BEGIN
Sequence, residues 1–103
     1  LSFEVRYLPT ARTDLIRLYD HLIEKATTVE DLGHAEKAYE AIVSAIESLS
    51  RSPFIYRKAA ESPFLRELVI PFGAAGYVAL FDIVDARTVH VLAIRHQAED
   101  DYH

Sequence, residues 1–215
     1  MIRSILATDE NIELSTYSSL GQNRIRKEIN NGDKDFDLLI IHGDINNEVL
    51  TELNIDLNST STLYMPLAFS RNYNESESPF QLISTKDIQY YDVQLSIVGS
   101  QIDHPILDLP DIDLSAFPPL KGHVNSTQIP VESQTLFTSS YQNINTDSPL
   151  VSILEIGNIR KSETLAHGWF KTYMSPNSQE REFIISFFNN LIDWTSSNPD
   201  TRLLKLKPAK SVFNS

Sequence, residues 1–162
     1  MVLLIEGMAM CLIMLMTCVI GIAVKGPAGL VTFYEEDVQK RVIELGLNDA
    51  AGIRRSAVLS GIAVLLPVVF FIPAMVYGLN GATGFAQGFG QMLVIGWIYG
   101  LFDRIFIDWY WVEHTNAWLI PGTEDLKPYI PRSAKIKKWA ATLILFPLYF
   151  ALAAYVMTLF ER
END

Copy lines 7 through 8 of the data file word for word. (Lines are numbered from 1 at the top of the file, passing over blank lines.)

    51  TELNIDLNST STLYMPLAFS RNYNESESPF QLISTKDIQY YDVQLSIVGS
   101  QIDHPILDLP DIDLSAFPPL KGHVNSTQIP VESQTLFTSS YQNINTDSPL